Interview: Damayanthi Fernando
To what extent do you expect market restructuring following the rollout of new regulations?
DAMAYANTHI FERNANDO: With major regulatory reforms introduced by IBSL, we expect the insurance industry to be more robust, competitive and manage its business affairs in an efficient manner to add greater value for its stakeholders. One of the reforms introduced is the segregation of composite insurance companies into separate business classes. This requirement was introduced in 2011 by an amendment to the Regulation of Insurance Industry Act, No. 43 of 2000. Companies were given a period of four years to decide on the models of segregation and to meet the regulatory requirement. There were 12 composite insurance companies in the market in 2011, where this requirement applied. Such companies needed to split into two separate companies by February 2015, and now nine of the 12 companies have segregated successfully. Out of these, Union Assurance and AIA Insurance, have sold their general insurance companies to Fairfax and Janashakthi, respectively. Apart from this, there have been no major changes in ownership structures. There has also been a required increase in the stated capital of insurers from approximately LKR100m ($720,000) to LKR500m ($3.6m), which came into effect in February 2015.
Another major regulatory reform is the implementation of the risk-based capital (RBC) rules, mandatory from 2016. The RBC rules replace the solvency margin rules, which were in existence from the time IBSL was established. With these changes, including the requirement to list on the Colombo Stock Exchange, smaller companies may consolidate because of higher capital requirements imposed. The RBC framework was introduced after many tests were carried out. A very pragmatic approach was adopted prior to implementing the RBC rules. Companies were required to report under both solvency and RBC frameworks, which gave an opportunity for everyone to identify areas for improvement and increase the receptiveness to manage risks. Interestingly, the industry has been very positive about the changes taking place, and we have adopted a close and continuous consultative approach prior to implementing regulatory changes. Going forward we intend to implement a risk-based supervisory approach. Currently, we are focusing on a rules-based supervisory approach, ensuring that companies are compliant with the laws. In the future we intend to change our supervisory approach gradually to a more risk-sensitive supervisory system, and to impose greater responsibility to the boards and senior management of insurers.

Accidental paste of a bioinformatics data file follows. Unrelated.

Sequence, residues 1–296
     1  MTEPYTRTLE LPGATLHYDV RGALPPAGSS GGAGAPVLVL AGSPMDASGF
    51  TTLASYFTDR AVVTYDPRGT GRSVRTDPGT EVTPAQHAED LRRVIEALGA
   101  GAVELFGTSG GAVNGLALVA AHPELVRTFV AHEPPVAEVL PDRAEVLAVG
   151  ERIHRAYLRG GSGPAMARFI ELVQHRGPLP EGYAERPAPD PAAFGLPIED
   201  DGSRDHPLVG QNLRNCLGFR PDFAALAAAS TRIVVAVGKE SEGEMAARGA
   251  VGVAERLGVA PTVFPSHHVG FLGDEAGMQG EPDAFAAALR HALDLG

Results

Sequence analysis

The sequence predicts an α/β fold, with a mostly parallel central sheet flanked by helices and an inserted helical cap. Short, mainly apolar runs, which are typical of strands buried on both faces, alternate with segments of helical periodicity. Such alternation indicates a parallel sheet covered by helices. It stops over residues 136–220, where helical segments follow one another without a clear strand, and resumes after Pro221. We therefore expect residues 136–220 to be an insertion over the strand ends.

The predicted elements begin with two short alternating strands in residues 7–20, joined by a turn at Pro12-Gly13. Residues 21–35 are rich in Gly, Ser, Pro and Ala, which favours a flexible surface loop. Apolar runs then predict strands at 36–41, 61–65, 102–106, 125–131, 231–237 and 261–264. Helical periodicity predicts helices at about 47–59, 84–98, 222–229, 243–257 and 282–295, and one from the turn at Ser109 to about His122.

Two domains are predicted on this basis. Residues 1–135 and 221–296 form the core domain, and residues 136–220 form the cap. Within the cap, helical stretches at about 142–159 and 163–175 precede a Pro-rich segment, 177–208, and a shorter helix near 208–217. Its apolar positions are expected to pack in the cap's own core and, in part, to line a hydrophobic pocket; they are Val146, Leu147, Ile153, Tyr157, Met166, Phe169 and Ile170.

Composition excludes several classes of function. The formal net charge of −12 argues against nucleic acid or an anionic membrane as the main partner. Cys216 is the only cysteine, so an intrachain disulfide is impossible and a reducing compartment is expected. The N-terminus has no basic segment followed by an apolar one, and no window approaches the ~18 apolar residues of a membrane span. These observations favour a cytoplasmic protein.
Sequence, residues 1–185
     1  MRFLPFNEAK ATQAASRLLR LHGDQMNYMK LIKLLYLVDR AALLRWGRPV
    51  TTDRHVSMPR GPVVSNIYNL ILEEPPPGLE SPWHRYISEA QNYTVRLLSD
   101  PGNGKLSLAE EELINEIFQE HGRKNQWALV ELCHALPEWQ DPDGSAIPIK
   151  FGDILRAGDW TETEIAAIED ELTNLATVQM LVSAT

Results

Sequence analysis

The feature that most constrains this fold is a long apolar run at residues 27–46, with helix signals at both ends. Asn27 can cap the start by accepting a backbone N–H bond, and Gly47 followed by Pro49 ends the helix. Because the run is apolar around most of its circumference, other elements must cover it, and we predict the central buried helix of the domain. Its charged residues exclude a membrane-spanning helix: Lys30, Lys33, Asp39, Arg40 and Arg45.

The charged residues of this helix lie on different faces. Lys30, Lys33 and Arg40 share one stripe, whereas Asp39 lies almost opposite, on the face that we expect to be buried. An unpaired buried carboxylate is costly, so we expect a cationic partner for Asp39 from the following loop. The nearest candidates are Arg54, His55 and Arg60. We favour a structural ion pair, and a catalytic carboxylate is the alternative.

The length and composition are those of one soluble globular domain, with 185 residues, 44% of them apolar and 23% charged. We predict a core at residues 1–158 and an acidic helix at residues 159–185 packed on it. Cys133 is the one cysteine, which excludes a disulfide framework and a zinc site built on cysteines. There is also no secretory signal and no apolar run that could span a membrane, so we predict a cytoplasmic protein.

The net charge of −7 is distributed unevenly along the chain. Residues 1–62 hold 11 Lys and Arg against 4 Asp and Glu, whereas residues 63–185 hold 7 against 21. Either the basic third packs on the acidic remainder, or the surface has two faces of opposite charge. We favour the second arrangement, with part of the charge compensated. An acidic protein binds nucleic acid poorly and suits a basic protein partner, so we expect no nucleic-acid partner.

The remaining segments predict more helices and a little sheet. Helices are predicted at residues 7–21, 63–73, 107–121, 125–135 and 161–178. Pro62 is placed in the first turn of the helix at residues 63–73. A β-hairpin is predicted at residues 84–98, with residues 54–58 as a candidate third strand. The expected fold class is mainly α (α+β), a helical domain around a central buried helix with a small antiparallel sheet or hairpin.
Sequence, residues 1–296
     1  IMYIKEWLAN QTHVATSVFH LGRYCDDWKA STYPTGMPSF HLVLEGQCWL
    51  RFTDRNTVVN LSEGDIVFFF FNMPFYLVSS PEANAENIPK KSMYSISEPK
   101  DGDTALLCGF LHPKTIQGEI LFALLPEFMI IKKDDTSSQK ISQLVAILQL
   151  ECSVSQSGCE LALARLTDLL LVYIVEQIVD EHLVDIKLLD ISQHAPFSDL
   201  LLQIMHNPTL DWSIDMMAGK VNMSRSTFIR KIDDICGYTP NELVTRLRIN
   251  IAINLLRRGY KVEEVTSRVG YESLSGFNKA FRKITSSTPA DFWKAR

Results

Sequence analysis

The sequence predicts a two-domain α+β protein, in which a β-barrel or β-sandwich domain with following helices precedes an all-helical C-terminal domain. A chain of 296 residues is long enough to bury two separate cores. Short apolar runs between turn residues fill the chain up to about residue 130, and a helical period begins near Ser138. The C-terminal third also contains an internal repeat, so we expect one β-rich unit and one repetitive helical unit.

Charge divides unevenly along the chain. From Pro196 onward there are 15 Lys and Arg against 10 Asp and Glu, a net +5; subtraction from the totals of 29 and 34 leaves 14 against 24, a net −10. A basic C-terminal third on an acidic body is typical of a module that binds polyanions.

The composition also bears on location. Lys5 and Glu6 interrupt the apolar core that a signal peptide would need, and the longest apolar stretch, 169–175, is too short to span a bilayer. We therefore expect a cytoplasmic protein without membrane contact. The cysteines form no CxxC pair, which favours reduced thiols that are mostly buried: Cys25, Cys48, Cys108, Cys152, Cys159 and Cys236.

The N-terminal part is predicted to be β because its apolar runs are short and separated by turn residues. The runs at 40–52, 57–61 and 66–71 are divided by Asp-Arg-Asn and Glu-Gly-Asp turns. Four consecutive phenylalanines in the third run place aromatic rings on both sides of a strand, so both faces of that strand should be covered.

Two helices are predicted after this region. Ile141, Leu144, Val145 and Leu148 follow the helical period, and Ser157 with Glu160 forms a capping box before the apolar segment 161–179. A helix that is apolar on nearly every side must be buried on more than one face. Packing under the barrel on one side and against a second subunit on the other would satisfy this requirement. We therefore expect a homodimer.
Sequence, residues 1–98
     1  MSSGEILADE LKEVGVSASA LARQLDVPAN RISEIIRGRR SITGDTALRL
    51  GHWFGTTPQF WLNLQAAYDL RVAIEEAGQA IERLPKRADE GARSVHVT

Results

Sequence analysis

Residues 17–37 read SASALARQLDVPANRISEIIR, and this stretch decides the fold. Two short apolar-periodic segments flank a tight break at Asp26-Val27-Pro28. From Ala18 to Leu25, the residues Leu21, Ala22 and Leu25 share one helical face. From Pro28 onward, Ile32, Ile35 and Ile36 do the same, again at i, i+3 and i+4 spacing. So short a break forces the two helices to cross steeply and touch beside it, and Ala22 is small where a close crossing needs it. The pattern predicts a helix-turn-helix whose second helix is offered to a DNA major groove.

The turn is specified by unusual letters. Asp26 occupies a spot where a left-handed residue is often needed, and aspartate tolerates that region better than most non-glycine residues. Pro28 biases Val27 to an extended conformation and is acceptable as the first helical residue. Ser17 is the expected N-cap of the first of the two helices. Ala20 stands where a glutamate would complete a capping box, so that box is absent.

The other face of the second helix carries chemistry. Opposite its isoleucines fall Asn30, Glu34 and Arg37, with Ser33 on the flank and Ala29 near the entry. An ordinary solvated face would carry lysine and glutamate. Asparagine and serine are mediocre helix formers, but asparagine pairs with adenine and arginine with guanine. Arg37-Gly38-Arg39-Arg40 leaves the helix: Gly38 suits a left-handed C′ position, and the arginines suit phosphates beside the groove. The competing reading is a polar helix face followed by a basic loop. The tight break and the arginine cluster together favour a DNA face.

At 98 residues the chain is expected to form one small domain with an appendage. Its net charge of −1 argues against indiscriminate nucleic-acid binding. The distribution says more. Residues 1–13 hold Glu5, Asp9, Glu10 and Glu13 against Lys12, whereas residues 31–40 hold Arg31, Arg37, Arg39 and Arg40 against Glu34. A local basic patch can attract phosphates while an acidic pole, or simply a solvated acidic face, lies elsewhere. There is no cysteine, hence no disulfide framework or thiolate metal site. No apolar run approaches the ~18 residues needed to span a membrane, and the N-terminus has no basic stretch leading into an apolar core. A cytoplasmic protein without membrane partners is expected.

How do you see class segregation improving underwriting performance?
FERNANDO: In the short term we may not see a huge improvement, but in the long term policyholders will see a benefit arising from class segregation. The main premise was to separate assets and liabilities of life and general businesses, and to encourage firms to focus on one business line. Then the underlining profits and losses will be more visible, and one business line will not be dependent on the other through cost-sharing, for example. We do not see premiums as a big issue here because companies should look at their expenses, service levels, claim settlement processors and risk management processors.
There was a time period when IBSL set minimum tariff rates for motor, fire and employers’ liability and maximum rates for motor. Later on, tariff rates were abolished as it was believed that rates should be decided by market forces rather than the regulator imposing minimum or maximum rates.
Yet in spite of these changes, we have witnessed the sector developing with an overall growth rate of approximately 17%, post segregation. Long-term insurance has grown by approximately 20% and general insurance by about 15% in 2015.
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